That Deliver Confidence


Identifying and treating Central Sleep Apnea (CSA) is critical to improving patient quality of life and preventing the cardiovascular decline caused by the disease.* CSA symptoms can be subtle and often overlap with co-existing symptoms that occur from other causes such as chronic heart failure, atrial fibrillation, and stroke. It is important to maintain a high index of suspicion for CSA in patients at risk.1



Common Risk Factors Associated with CSA1-3

  • Recent heart failure (HF) hospitalization or symptomatic HF
  • Frequent hospitalizations
  • Atrial or ventricular arrhythmias
  • Witnessed apneas
  • Male
  • Low ejection fraction
  • Nocturia (> 2 per night)

CSA Testing

CSA is diagnosed via a home or in-lab sleep study that is prescribed by a physician to determine if a patient has sleep apnea and if their primary type of apnea is CSA or obstructive sleep apnea (OSA).

During the sleep study, the number of apneic and hypopneic (abnormal shallow breathing) events per hour are counted and reported as the Apnea Hypopnea Index (AHI), the most common measure of severity of sleep apnea.

Home Sleep Apnea Test
(HSAT, Polygram, PG)

Completed at home

Measures oxygen, air flow
and movement of the chest and

In-Lab Sleep Study
(Polysomnogram, PSG)

Assesses sleep stage and other sleep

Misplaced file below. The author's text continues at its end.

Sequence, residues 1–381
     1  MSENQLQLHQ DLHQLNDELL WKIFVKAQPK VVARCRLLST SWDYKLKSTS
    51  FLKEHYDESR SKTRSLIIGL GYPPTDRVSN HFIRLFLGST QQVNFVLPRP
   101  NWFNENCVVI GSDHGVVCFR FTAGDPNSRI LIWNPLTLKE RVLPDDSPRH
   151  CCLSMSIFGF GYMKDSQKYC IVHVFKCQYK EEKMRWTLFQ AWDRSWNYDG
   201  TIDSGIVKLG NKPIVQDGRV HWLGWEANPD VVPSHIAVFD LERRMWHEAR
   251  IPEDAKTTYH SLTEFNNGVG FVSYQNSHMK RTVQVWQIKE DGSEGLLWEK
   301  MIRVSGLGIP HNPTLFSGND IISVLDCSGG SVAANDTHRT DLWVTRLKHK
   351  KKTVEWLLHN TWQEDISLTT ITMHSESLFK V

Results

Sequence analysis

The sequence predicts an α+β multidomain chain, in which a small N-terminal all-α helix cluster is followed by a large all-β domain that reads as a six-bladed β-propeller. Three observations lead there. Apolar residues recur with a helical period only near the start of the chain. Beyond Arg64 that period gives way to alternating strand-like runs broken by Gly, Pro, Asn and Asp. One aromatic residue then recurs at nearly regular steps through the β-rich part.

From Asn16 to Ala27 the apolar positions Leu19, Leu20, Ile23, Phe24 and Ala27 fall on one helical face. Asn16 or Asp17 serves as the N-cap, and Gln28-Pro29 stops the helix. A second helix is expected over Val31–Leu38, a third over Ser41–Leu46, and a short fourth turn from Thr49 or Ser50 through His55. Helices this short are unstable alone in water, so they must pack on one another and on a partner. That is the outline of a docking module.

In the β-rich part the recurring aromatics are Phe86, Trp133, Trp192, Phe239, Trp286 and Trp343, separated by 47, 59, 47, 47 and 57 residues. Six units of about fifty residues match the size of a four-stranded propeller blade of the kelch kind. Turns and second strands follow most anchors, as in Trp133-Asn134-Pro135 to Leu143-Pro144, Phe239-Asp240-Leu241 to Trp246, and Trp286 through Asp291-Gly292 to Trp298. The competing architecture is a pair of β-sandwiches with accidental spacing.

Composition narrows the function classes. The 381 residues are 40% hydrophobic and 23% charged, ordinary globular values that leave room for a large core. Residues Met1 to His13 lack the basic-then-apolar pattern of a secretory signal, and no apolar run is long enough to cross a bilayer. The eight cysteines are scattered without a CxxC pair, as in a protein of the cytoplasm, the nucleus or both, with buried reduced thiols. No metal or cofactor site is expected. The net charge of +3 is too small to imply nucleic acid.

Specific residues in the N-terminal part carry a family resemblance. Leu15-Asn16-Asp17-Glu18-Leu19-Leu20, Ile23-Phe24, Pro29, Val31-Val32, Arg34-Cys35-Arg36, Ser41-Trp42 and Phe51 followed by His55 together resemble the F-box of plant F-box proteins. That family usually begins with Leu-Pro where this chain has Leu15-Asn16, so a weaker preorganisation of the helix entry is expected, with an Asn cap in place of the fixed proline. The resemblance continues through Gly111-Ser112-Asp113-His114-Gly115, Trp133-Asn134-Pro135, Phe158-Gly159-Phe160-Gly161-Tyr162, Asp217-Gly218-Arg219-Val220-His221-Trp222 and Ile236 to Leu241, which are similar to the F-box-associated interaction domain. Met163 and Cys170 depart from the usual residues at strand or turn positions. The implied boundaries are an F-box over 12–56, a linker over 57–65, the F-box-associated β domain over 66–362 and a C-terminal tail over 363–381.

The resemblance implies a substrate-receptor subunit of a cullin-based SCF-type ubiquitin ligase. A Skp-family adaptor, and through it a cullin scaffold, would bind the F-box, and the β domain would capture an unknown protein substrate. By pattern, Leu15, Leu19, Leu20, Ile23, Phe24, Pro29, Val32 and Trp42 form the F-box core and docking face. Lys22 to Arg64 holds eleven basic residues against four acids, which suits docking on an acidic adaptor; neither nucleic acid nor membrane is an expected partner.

disorders in addition to sleep apnea

Requires overnight monitoring in a
sleep lab

Sleep testing metrics include:4

Apnea-Hypopnea Index (AHI)4

Number of apneas and hypopneas per hour of sleep

Mild (5 – 14 events/hour),
Moderate (AHI of 15 > to < 30 events/hour), and
Severe (AHI ≥ 30 events/hour)

Central apnea

≥10 second cessation of airflow, without effort

Obstructive apnea

≥10 second cessation of airflow, while effort continues

Arousal Index

Number of arousals per hour of sleep


30% or more reduction in airflow for 10 seconds with a 3% or 4% fall in oxygen saturation

Oxygen Desaturation Index (ODI) 3% or 4%

Number of times oxygen saturation drops by 3% or 4% or more per hour

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*remedē is not intended to prevent cardiovascular disease.
**Required to distinguish the type of sleep apnea

  1. Costanzo MR, Khayat R, Ponikowski P, et al. State-of-the-art review: Mechanisms and clinical consequences of untreated central sleep apnea in heart failure. J Am Coll Cardiol 2015;65:72-84.
  2. Khayat R, Jarjoura D, Porter K, et al. Sleep disordered breathing and post-discharge mortality in patients with acute heart failure. Eur Heart J 2015;36(23):1463-9.
  3. Bitter T, Westerheide N, Prinz C, et al. Cheyne-Stokes respiration and obstructive sleep apnoea are independent risk factors for malignant ventricular arrhythmias requiring appropriate cardioverter-defibrillator therapies in patients with congestive heart failure. Eur Heart J 2011;32:61-74.
  4. Iber C, Ancoli-Israel S, Chesson AL Jr., et al., for the American Academy of Sleep Medicine. The AASM manual for the scoring of sleep and associated events: rules, terminology and technical specifications. Westchester, IL: American Academy of Sleep Medicine, 2007.
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